Saturday Feb 15th was bout day! I was pretty pleased on a number of fronts, starting with the fact that I actually came up with the bout name! Our theme this year is Grimm’s fairy tales, and I pitched the Events Committee with ‘Snow Bite: Will YOU go into the woods?’. It was pretty awesome to see it turned into this amazing artwork and poster:

Snow Bite Feb 15th

I was helping coordinate the event again, and after a slow start I ended up with a great roster of Volunteers who helped the event run super smooth. A special shout-out goes to my long-suffering derby widow who showed up with me several hours before the event even started to help me move tables and yell at people, and then sat out on the foyer selling tickets for half the bout! I thankfully got to see most of the second half which was lucky, because the finish was nailbiting! We’ve played Blue Mountains a couple of times before and they trounced us last year, so it was pretty thrilling to be tied with only minutes to go and finally win by 20 points. Especially when we had 5 players playing their debut home bout, and one of them got to finish the night with the powerjam that won the bout for us! There’s more details on the official VDL page here.

While at the bout I also picked up these beauties which had just come in with a league group order. The scrim tank is reversible (white on one side, black on the other, with my name and number printed on both), and the armbands are heavy duty non-roll elastic with my number printed and sewn on. They’re actually really comfortable to wear, they’re made by Spank Alley who are one of my league’s fabulous sponsors this year.

Rabid scrim tank

I proudly wore them to training on Sunday, and of course I then took a bad fall in my first jam in scrim and twisted my knee *sigh* It’s not serious but it kept me out for the rest of the session.

But at least that was the second half of the session. Because it was the day after a bout, we had a shorter all-league training session first. Because of lucky coincidence, we had a guest trainer for the day. Copter was one of the original members of VDL, he’s since moved to Brisbane and now skates for Brisbane City Rollers’ men’s team The Scartel. He’s also been chosen for Team Australia and will be competing in the first ever Men”s Roller Derby World Cup in Birmingham next month as part of the Wizards of Aus. You can donate to the team’s travel costs here if you’re interested.

Anyhow, Copter took us through a great session on transitions and backwards skating. This is the second time Copter has guest-coached us and for all its brevity and mixed-levels  it was a fantastic session. We worked on doing transitions in multiple directions at speed, on skating and stopping backwards, on using transitions for blocking and finally having a partner guide you and control your speed while you were travelling backwards (it’s the most bizarre feeling, especially when trying to corner!). Copter is an absolute sweetheart who hits like a truck and it was a pleasure to train with him again, if you get the chance I highly recommend it! You can also become a fan on Facebook, just search for ‘Copter #173’. He joined our boys for scrim as well and they had a fantastic match.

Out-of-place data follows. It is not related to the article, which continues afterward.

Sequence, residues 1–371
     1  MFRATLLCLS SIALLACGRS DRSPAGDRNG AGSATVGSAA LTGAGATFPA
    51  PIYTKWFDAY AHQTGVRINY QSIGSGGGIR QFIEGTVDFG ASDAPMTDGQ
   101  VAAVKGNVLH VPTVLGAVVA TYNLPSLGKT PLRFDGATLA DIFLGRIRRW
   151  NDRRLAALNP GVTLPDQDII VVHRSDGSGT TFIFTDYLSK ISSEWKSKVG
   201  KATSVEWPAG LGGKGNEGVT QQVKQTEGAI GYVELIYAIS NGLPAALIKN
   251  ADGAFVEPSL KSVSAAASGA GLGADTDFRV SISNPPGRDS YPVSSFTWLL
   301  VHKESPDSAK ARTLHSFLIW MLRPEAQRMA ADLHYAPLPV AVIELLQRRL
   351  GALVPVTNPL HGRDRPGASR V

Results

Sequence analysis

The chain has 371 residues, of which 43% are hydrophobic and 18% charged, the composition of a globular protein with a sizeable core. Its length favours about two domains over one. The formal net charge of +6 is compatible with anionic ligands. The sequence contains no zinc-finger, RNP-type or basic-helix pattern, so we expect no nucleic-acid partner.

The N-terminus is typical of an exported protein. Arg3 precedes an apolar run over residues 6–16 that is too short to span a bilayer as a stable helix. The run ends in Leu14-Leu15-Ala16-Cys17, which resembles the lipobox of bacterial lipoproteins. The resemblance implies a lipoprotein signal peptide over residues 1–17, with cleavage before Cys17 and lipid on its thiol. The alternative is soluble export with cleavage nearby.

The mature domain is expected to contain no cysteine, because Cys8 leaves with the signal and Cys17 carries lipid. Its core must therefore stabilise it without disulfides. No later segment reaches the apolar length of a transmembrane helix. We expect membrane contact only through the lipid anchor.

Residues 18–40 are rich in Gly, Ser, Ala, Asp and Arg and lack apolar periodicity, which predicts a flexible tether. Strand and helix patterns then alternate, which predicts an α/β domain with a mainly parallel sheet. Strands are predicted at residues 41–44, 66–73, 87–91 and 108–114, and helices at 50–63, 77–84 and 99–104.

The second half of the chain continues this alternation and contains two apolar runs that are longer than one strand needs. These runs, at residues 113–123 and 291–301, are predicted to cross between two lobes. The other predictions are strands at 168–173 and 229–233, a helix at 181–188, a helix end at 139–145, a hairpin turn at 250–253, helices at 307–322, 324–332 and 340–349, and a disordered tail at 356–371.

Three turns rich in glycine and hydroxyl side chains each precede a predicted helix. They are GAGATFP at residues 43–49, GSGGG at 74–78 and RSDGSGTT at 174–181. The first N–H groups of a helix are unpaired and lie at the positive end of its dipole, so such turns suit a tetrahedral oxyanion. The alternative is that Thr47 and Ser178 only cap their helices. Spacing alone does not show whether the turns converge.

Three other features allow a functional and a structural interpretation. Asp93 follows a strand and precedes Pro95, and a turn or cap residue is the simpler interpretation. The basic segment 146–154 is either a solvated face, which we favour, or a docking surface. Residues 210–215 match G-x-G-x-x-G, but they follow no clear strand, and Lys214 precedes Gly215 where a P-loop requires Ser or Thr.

I am not a summer person

Today, being a Sunday, I went to training. I was pretty excited, because earlier this week it was announced that instead of having 2h of drills and 1h of scrim, we were going to split the time evenly from now on. Our league has grown so much over the past year, especially since we now have enough boys to have male scrim as well, that 1 hour simply wasn’t enough times for people to get more than a handful of jams each (I know I skated in only 3 or 4 last time). While it does cut into our Advanced Training time, scrim teaches us tactics, strategy and rules, as well as letting us put drills into practice.

Unfortunately, today was also 38*C for the entirely of training and scrim (over 100*F) and I don’t handle the heat well. I did the on-skates warm-up, then sat out on the first drill because I felt a bit off. Did the second drill (a variant on a weaving pace line, using whips and circling each skater), and I had to sit out again. It took me 45 minutes to cool down to a point where I no longer felt dizzy, by which point training was almost over and I knew I jumped back in it would just happen all over again anyway. I briefly considered scrimming (since the longest you’re on the track is usually 2 minutes at a time), but the heat has also been playing havoc with my fibromyalgia so I geared down and took the chance to NSO again. I was pretty sad to miss out on so much skate time as well as scrim, but I have also missed NSOing the last month since I qualified to actually scrim myself, so I tried to just enjoy it while I could.

We’re supposed to cool down midweek so hopefully Tuesday training will be more successful for me, although temperatures are forecast to rise again in time for next weekend :/

Fathers Day open scrim